All of you who love the continuous flood of Christmas ads on screen and in print, and use them as your own personal Santa’s helper, please stand up.
I’m sitting here, hoping you’ll block my view from all these ads.
See, I hate these ads. They come with messages that not only destroy the meaning of Christmas, but turn us into materialistic robots who keep wanting more and more until there is nothing left of us. Listen to these ads, for their messages are deafening:
Holidays mean gifts, gifts with a Buy Me tag attached to each.
Gift giving is not for the less fortunate because these gifts bear dollar signs.
Holiday means replacing good running cars and refrigerators and electronic gadgets with new.
New is good, without new, you are not in the holiday spirit.
Financial institutions promise you a happy Christmas if you make loans with interest added.
Holidays is for the wealthy, not for the poor.
The best of gifts come from stores.
I grew up believing the only true Christmas was what I saw in these ads: Snow falling, carolers outside our door, a lighted Christmas tree with presents, and a fireplace for warmth.
Where I grew up in Hawaii , we had no electricity. Snow was on top of Mauna Kea Mountain. Our tree was a droopy tree from the hillside, and homemade comic strip chains wound around the tree. We didn’t have popcorn. The bottom of the tree was not covered with gifts. Until I understood this false image created by ads, Christmas was something to be desired; Christmas was created for someone other than myself. I was always that child looking into windows.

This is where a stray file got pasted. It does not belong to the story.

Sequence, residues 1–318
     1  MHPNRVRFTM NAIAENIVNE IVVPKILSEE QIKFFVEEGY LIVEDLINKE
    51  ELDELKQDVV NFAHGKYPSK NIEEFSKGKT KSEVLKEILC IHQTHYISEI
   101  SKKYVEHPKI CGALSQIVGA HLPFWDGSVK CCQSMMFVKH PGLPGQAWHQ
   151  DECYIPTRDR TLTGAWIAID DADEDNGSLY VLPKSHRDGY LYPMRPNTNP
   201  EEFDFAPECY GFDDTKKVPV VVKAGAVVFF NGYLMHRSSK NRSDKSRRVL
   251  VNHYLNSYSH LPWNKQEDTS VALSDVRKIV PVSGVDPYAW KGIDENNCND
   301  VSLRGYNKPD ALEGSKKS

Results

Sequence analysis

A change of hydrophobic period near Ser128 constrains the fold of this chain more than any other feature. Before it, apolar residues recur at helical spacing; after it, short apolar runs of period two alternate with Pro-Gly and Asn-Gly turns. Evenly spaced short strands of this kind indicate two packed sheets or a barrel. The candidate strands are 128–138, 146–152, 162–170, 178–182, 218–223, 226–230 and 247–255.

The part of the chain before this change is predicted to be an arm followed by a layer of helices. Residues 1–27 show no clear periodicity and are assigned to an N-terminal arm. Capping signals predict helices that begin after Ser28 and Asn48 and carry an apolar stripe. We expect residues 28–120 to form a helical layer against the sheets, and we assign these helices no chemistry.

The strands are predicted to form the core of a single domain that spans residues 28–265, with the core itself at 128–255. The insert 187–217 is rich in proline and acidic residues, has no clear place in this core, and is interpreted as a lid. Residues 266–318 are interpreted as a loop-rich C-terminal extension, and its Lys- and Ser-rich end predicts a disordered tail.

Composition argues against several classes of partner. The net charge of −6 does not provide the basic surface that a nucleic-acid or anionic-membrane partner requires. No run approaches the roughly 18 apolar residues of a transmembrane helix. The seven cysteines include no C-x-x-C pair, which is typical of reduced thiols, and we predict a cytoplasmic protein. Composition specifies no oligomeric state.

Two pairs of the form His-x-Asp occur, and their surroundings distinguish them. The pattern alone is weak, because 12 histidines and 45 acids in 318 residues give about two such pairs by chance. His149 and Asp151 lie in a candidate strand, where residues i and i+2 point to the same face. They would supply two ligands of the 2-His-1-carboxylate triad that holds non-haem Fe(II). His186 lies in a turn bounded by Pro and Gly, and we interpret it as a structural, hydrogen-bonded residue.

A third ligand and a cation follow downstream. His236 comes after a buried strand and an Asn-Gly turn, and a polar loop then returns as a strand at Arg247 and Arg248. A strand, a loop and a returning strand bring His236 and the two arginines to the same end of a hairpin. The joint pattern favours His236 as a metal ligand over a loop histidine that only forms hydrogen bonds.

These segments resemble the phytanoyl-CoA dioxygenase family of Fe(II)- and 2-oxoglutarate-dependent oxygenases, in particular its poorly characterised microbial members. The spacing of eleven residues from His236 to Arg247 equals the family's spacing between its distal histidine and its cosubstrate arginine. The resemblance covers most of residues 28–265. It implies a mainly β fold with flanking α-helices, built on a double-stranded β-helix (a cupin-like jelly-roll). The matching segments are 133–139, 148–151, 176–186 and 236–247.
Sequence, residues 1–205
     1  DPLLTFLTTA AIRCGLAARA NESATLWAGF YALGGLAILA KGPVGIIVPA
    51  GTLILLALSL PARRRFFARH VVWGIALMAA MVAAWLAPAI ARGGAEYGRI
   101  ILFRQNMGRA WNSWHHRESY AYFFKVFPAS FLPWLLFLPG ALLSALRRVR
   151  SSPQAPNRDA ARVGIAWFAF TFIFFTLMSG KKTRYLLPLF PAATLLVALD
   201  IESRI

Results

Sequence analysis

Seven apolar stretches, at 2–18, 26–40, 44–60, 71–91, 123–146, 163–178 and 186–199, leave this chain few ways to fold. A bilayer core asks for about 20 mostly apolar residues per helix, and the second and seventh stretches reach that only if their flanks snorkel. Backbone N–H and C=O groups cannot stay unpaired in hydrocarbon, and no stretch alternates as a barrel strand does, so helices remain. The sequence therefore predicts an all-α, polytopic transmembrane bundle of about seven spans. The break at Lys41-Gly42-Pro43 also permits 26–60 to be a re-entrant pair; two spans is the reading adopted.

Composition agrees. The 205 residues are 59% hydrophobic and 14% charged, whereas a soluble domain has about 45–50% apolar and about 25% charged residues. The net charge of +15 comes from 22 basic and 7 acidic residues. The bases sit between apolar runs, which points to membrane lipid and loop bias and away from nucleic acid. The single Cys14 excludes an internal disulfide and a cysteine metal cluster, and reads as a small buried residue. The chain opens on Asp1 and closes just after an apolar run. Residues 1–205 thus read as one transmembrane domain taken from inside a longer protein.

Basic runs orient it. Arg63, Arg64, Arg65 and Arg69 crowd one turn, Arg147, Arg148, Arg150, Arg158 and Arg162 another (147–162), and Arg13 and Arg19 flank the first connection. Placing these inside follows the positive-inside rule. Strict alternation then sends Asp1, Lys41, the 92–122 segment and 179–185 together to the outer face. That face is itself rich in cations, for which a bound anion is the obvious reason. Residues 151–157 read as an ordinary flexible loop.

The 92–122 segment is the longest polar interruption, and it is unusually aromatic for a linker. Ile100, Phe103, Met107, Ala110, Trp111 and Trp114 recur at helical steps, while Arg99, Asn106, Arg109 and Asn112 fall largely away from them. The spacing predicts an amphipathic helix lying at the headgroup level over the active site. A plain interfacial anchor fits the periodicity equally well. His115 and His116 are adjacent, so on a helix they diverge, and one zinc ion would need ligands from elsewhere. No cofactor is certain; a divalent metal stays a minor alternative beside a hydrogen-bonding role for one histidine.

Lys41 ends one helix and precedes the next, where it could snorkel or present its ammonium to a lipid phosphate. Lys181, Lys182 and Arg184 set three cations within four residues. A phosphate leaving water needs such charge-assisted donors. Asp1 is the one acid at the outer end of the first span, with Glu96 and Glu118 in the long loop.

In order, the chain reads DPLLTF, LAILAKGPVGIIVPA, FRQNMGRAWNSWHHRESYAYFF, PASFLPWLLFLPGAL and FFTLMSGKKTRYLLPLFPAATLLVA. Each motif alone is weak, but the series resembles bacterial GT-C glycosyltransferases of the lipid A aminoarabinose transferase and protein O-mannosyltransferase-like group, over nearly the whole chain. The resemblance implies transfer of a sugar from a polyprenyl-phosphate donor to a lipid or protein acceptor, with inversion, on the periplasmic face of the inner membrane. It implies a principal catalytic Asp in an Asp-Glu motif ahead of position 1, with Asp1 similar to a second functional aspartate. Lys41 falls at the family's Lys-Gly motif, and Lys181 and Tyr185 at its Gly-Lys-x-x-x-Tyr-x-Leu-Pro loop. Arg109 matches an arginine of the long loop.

How many children are there right now, staring at TV screens and newspaper ads, wanting, knowing these ads are meant for others. How many parents are staring at these ads, feeling a failure for not being able to join the materialistic world?
We have separated our world into two: theirs and ours.
Today, Bob the electrician who was here to do some work, mentioned how he did some work for a man. Through conversation he realized the man was jobless and not able to pay much. Bob handed him a hundred dollar bill and walked out. He laughingly said, “Imagine that, I go to do some work for some guy and I pay him for the work I did. ” Bob was smiling.
Why don’t they tell these stories in those ads?
One holiday season, my internist invited me to join him in preparing a holiday dinner for each of his shut-in patients. On Christmas Day, we gathered at his house, roasted turkeys and delivered a complete dinner to each of his patients . Their inability to express their gratitude was our gift.
Without rehearsal, we later went to a nursing facility and sang Christmas carols. A woman asked me, “Do you have a CD that I can buy?” Now, that made my day because I’m not Julie Andrews, and that night, I became a caroler instead of waiting for one.
Two of the best Christmases spent in Sacramento was the day Red and I took a carload of 67 poinsettia plants from a neighborhood shop ( they were about to toss them out) and we drove around nursing facilities and placed them in residents’ rooms. Someone sent us a train set once; we set them up at the children’s home somewhere in Sacramento.
If you’re still standing, here’s another image: Someday, there will be no tree ornaments made by precious grubby hands of your child. There will be no poems or letters hand-written by your teenager, or a home-made lop-sided mug to hold all your pens. Pens? Maybe there won’t be pens to write either. No, your gifts will be duplicated in hundreds of other households.
Are you still standing?
Happy Holidays, Everyone.